• IT: Here we consider Information Technology (IT) to include externally-facing and internally facing efforts that involve technology (computers, systems, phones, etc.). IT is often overlooked when it comes to customer experience. However, think about the customer’s interaction with you on the internet, over the phone, or with in-store technology like registers and kiosks. It is often at these points that the customers run into issues dealing with your company in a seamless manner.

Feedback Points:

A variety of methods exist to get a complete view of how your customers view their experience. Each of these should be considered as you build your plans for improving your Customer Experience positioning.

  • Net Promoter Score® NPS®: The NPS® measurement has become a widely used measure and is based on the work of Fred Reichheld from Bain & Company. His research led to the creation of Net Promoter Score® question which can essentially be stated as “How likely are you to recommend “company name to friends or colleagues”. This type of question is typically presented to a customer shortly after a purchase a product or service from a company. The intent is to get an overall sense of the customer’s happiness with your company based on their most recent interaction. Typically the question requests a ranking from 0 to 10 from the customer (with 0 being not likely to 10 being very likely to recommend). Responses of 0-6 are considered detractors, 7-8 are passive, and 9-10 are promoters. It is customary to serve up a follow-up question to the respondent that solicits additional insights (in verbatim format) of what could have been done differently by the company to have improved the rating. Great reading for all leaders is “The Ultimate Question 2.0: How Net Promoter Companies Thrive in a Customer-Driven World” by Fred Reichheld.
  • Customer Effort Score: The CES is intended to measure the amount of effort a customer must spend to get an issue resolved. Typically a question is posed to customers after they have worked with a department in your company to resolve and issue (an example is a survey that you take after calling a customer service line). The CES can also be utilized to survey customers after they have purchased from you to find out their perceptions of how easy it was to do business with you. This can oftentimes identify for you points of Friction that may exist in your business model that is displeasing to customers. “Friction: The Untapped Force That Can Be Your Most Powerful Advantage” by Roger Dooley will you’re your leaders thinking internally about various ways in which your products perform or services are experienced that may be inefficient and frustrating for your customers.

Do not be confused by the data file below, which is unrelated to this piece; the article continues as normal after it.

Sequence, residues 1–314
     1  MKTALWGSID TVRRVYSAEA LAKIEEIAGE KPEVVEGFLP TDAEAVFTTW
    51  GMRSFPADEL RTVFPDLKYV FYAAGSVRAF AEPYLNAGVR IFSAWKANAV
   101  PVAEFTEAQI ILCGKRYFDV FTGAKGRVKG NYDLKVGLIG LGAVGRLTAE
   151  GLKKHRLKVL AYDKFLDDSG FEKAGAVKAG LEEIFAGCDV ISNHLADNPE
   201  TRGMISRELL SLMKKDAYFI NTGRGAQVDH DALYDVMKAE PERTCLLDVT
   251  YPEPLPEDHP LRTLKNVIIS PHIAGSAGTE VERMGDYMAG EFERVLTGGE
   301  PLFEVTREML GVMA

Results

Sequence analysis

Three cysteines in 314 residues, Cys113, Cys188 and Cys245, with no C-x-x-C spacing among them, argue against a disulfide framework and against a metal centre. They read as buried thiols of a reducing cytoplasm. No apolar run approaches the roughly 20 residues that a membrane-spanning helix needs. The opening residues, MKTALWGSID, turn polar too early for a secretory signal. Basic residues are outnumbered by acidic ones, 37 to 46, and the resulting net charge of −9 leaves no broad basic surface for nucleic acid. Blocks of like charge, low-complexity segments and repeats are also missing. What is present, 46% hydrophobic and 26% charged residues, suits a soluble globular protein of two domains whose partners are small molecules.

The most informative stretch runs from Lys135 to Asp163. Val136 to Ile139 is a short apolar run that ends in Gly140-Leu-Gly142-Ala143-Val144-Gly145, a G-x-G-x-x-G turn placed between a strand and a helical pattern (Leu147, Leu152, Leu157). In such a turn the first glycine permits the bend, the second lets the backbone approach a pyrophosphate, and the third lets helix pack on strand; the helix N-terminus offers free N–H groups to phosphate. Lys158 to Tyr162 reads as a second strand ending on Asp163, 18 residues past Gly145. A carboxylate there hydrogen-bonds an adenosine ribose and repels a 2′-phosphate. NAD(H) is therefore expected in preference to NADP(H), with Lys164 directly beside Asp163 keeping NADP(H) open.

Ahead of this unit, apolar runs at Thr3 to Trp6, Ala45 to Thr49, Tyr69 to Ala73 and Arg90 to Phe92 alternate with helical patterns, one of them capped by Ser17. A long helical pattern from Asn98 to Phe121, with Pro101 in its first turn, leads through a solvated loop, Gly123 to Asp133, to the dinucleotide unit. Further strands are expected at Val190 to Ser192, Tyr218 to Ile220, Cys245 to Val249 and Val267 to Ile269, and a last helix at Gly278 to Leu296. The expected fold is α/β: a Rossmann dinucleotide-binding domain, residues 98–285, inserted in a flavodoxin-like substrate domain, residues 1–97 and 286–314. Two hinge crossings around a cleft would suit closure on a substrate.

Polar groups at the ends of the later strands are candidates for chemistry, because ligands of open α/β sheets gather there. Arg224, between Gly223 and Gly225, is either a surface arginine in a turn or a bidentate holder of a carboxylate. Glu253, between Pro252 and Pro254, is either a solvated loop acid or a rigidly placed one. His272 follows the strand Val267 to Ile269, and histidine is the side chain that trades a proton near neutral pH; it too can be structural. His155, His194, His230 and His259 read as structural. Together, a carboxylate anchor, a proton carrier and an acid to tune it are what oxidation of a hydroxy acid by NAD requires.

• Customer Satisfaction Score (CSAT): Is a tool used for understanding the forces that shape competition within an industry. It can be useful in guiding strategy adjustments to suit the competitive environment. Porter’s Five Forces was developed by Harvard Business Scholl professor Michael Porter. The five areas that are reviewed by companies to analyze an industry’s attractiveness are:
    • Rivalry Amount Competitors: Do competitors “play nice” or is it cutthroat
    • The threat of New Entrants: What barriers exist to keep out new competitors or what should you be working on to make it hard to do business in your space
    • The threat of Substitutes: A substitute is not always as a similar-looking business model. Taxi companies did not anticipate that customers would be so eager to try Uber, Lyft, and other ride-sharing platforms
    • Bargaining Power of Customers/Consumers: Access to information has given customers and consumers new leverage in dealing with you, how do you leverage this in your strategic decisions
    • Bargaining Power of Suppliers: How do you strategically approach your relationships with suppliers
    • CRM Notes: Your sales personnel and customer support personnel are continually collecting feedback from customers in their regular interactions. It is important to capture these insights in your Customer Relationship Management (CRM) platform. This will ultimately provide you with data that can be mined for patterns and issues that are common amongst your customers.